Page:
Transport can be a difficult sector with low margins, volatile costs and high investment requirements for asset purchases so it is no surprise that they sometimes get into trouble.
If your transport business is facing difficulties then you may have heard about CVAs and wonder what they are and how they could help.
In this post, we explore these and look at how this could help your business survive and thrive.
What is a CVA?
A Creditors Voluntary Agreement (or CVA) is a formal method of agreeing to a payment plan on debts.
Typically a company that is essentially profitable but has historic debts or finds itself struggling to pay an expensive lease on premises, for example, may look to restructure and almost ‘reset’ its trading position.
For a transport business, this could easily be a lease that they are locked into on a yard or some expensive finance on rigs that they no longer need.
The business may have large historic debts that it simply can’t clear or loans with very high interest rates that are unserviceable for whatever reason.
In all of these cases, it is entirely possible that the underlying business is perfectly sound and the company could indeed carry on but for the extra burdens.
The business will probably spend a lot of time firefighting and speaking with creditors to keep the wolf from the door and this could certainly distract the directors from the day to day business of running a successful transport firm.
In the normal course of events, the creditors would eventually lose patience and apply to the courts for a winding up order. This would be a shame of course because it would mean an otherwise healthy business would be closed and all of the employees thrown out of work.
The law however allows for another less drastic solution that allows the directors to continue to run the business and the creditors to get a fair proportion of their money back and that solution is the CVA.
The directors of the business will call in a qualified insolvency practitioner (IP) who will guide them through the process and ensure that a CVA is a viable option. They will produce a plan in concert with the directors that is both workable and realistic and this would allow the company to pay back its indebtedness at a slower rate to the creditors, thus freeing up cashflow.
They may also speak with landlords and other creditors to renegotiate contracts to ease the cost of running the business.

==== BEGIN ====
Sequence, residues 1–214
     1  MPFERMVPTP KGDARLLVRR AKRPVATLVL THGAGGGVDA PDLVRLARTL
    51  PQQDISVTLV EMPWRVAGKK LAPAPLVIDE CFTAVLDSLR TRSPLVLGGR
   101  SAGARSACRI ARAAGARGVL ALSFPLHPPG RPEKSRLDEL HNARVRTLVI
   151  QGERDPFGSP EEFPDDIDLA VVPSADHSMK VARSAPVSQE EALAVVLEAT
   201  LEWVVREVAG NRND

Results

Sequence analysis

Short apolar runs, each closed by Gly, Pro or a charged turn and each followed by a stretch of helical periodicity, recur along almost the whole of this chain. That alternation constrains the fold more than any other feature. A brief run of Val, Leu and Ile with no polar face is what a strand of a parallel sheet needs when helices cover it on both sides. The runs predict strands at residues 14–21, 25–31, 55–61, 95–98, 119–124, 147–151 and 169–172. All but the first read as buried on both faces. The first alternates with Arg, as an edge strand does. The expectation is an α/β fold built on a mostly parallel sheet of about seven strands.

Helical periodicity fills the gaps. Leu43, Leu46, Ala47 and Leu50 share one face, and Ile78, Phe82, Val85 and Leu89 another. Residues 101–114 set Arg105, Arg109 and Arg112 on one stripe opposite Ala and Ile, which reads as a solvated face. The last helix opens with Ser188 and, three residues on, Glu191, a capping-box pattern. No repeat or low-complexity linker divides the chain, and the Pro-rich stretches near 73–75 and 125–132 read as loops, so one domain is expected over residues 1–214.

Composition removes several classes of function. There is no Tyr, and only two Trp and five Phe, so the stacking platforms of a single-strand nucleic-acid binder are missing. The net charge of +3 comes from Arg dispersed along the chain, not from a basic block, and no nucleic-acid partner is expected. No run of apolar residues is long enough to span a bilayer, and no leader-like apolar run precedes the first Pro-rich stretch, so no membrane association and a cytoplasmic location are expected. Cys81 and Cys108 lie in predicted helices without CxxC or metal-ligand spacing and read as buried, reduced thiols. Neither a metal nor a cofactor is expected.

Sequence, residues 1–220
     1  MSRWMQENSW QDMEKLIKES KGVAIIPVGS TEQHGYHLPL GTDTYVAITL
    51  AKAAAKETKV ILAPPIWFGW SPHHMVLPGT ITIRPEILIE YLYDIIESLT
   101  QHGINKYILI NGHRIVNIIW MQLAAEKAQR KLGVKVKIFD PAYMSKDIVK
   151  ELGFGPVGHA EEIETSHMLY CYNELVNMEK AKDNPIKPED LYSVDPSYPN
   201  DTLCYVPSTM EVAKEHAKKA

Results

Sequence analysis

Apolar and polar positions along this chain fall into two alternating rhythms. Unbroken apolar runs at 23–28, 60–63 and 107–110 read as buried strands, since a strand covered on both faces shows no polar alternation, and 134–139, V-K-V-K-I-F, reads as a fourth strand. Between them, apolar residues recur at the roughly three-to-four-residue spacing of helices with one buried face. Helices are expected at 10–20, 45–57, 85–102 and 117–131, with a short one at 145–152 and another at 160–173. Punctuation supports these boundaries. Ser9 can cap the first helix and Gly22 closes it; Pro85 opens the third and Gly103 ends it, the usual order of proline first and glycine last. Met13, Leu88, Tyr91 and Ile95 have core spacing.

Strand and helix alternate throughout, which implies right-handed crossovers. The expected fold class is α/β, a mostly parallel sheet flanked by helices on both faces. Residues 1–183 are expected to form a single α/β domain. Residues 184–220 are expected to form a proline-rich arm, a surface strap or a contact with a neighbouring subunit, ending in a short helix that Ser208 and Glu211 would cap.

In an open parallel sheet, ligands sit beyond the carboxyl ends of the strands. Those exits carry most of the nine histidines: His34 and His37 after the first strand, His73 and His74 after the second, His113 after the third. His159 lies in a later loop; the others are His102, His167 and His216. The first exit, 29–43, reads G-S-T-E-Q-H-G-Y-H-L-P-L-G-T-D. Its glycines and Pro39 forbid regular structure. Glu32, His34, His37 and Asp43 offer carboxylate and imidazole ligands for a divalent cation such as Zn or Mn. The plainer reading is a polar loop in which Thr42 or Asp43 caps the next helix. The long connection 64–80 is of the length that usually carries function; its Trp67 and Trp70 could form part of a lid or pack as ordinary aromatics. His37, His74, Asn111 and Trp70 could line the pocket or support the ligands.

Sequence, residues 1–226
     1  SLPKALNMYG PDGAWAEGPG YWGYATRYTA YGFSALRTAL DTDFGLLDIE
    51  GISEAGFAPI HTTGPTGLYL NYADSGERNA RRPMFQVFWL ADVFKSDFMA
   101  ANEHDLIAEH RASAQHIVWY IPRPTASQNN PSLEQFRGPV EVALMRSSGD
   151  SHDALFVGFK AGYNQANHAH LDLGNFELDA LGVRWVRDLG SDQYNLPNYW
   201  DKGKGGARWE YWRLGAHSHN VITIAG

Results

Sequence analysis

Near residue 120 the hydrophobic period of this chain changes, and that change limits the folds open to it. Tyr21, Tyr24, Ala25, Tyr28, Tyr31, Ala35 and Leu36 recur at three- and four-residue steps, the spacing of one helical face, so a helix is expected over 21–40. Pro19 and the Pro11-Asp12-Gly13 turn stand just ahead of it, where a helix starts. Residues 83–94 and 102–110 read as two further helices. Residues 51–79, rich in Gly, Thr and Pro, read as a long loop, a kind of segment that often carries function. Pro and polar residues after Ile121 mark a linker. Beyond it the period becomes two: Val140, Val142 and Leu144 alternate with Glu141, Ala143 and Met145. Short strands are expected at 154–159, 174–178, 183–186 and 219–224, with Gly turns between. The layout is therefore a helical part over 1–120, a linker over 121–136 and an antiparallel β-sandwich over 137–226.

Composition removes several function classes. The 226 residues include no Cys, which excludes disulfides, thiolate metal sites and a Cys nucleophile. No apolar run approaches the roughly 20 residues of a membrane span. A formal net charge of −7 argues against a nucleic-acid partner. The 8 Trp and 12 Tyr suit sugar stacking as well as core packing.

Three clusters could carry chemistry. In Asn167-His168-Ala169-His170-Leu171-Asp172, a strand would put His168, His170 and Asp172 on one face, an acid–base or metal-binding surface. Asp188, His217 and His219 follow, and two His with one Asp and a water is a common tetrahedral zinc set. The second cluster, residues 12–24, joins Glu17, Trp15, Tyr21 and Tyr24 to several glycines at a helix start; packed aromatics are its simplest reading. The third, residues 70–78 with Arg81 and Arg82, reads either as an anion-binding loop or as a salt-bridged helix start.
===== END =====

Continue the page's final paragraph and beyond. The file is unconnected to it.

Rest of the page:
When a plan has been agreed the IP will submit this to the court and call a creditors meeting. It is by no means certain that the proposal will be passed but if the IP has done their job effectively then all stakeholders will already be in agreement and the CVA will be passed.
After the meeting
Once the CVA has been passed at the meeting then the real work begins.
The company will have to stick strictly to the payment timetables set in the CVA and ensure that cash is handed over for distribution to the creditors in a timely manner. If they don’t stick to it then there is a very real likelihood that the creditors could seek to have the business liquidated.
A CVA will last for a finite period of time such as three years and will have a schedule that requires the business to make a payment every month or quarter for a percentage of the total value.
As long as the company maintains its payments and they are made on time then at the end of the term, the business will exit the CVA with no further commitment.
The benefits for a transport company
The first benefit to be felt by the directors of the company looking at the CVA process will be that the credit control calls will stop. Any issues like this will be referred to the IP in control and the directors will be free to work on making the business a success.
Part of that work will be planning for the future and with regular, structured payments cash flow forecasting becomes much easier.
If the business has been able to renegotiate a lease or be freed from expensive contracts then profitability should increase too, allowing the CVA payments to be much more affordable.
Once there is more certainty about the future there is a huge benefit for all concerned as a weight is most definitely lifted from their shoulders.
Overall the company will be in a much better place and in an ideal world this will be more profitable, better structured and less fraught with a clear plan of action and defined timeline for exiting the CVA.
In summary, a CVA can be a very good option for a struggling transport company however it is not suitable for every business in every situation and it can’t be done without the help of a qualified and experienced insolvency professional.
If your transport business is facing difficulties then get in touch now as early intervention gives you many more options.